25 November 2012

Nigeria: Flooding - X-Raying Govt's Remedial Efforts and Recovery Plans


The year 2012 can best be described as one that came with worst flooding in the history of the country causing untold suffering, loses and starvation to the affected communities and by implication the entire country. The government is putting several measures in place to remedy the situation, GRACE AZUBUIKE writes on the efforts of the government in this direction.

Earlier in the year, the Nigeria Meteorological Agency, NIMET, and the National Emergency Management Agency, NEMA, predicted that there would be heavy downpour and massive flooding in states like Adamawa, Niger, Kaduna, Taraba, Kano, Jigawa, Kogi, Benue, Cross Rivers, Delta and Bayelsa.

NIMET also stated that River Niger would overflow its bank, noting that this would pose a serious threat to those living close to the river's plain. The agency warned of the risk of unprecedented flooding of the River Niger plains due to water from the Kainji and Jebba hydro dams. As a follow-up on NIMET's prediction, NEMA issued an immediate evacuation order to residents around the river and also impressed it on state governments to move communities along the riverbanks to higher grounds.

The Head, Public Relations, National Emergency Management Agency, NEMA, Mallam Yushau Shuaib, said after the prediction, NEMA intimated state governments about the forecast and its implications to the people. However, he said, despite being forewarned of the looming danger, many state governments were either too confused to act immediately on the matter or choosed to look away from the impending problem until they were confronted with it.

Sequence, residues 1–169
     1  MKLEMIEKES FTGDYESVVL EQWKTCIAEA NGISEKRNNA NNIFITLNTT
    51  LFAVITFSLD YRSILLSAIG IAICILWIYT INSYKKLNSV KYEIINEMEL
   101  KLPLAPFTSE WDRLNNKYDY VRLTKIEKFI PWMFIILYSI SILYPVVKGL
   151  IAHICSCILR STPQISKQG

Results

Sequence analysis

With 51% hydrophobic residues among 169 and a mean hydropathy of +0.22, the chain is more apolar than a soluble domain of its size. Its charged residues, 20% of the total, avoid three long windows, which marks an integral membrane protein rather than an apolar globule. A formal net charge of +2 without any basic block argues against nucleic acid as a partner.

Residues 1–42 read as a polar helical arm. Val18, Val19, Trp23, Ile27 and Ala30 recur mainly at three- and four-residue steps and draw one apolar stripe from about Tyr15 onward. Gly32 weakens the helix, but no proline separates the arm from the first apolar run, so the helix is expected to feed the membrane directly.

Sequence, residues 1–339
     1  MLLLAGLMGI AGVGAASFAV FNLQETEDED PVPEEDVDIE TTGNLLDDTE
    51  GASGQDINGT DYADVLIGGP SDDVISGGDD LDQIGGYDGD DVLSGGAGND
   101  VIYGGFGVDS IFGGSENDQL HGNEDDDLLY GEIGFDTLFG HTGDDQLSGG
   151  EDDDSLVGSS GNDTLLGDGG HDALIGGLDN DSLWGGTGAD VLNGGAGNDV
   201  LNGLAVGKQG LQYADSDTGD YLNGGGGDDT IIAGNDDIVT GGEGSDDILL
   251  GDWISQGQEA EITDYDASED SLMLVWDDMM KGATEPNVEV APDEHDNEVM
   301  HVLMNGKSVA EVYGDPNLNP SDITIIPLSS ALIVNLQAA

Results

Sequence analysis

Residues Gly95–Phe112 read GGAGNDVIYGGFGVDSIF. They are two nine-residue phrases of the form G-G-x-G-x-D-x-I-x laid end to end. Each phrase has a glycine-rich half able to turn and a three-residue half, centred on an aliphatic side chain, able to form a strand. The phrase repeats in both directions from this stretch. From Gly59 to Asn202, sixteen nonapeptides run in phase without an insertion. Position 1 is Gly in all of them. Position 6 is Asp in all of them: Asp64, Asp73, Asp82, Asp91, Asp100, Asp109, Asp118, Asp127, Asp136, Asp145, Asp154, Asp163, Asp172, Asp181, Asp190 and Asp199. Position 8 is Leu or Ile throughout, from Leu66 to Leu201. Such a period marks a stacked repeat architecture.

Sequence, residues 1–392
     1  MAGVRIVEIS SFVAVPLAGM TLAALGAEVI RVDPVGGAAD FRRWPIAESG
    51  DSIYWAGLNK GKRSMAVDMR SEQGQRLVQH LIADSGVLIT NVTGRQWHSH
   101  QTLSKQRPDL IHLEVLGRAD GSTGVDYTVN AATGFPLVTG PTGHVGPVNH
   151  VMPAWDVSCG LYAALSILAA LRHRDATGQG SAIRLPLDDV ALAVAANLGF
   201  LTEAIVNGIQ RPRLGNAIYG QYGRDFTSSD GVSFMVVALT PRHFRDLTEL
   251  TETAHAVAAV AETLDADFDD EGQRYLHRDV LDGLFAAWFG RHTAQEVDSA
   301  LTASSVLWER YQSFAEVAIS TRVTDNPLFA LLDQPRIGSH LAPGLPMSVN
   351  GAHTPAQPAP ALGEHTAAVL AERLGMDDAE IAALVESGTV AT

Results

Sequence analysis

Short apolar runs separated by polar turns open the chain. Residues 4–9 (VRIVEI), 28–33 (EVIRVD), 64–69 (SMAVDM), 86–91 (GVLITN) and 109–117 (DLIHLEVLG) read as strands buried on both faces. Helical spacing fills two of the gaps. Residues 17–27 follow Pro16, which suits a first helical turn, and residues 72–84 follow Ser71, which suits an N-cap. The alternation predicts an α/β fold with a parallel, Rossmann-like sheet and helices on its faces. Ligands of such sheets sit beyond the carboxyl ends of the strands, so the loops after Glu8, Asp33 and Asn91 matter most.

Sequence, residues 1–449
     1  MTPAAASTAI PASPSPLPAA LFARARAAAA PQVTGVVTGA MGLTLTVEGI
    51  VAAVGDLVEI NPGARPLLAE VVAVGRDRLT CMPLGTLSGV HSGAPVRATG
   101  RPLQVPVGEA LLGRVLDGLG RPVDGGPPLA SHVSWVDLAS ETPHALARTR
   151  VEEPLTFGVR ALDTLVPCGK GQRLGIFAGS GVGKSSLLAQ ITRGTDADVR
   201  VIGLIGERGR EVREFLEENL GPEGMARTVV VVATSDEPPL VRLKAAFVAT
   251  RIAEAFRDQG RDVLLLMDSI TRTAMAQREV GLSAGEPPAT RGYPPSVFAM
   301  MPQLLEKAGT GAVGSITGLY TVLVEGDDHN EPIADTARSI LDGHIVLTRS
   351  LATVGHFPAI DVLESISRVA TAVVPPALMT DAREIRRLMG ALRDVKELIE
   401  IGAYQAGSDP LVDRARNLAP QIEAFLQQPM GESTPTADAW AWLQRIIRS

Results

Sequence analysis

Many of them, he said, even failed to sensitize their citizens about the imminent danger so, they failed to take preventive steps and were forced to embark on emergency measures when the disaster occurred.

According to NEMA, 2.1 million people had been officially registered as internally displaced persons (IDPs), while 363 people were said to have been killed since July when the flood started building up. Already, indications of looming mass hunger started emerging as the prices of foodstuffs steadily shot up to a record high in the market.

The combined effects of this is that, many of them will not be able to earn any decent income as they are mainly camped in facilities provided by the government far away from their places of abode. It means the displacement precipitated by the flooding will worsen the already palpable poverty level in the country, with over 90 per cent of the nation's population said to be currently living on less than $2 a day.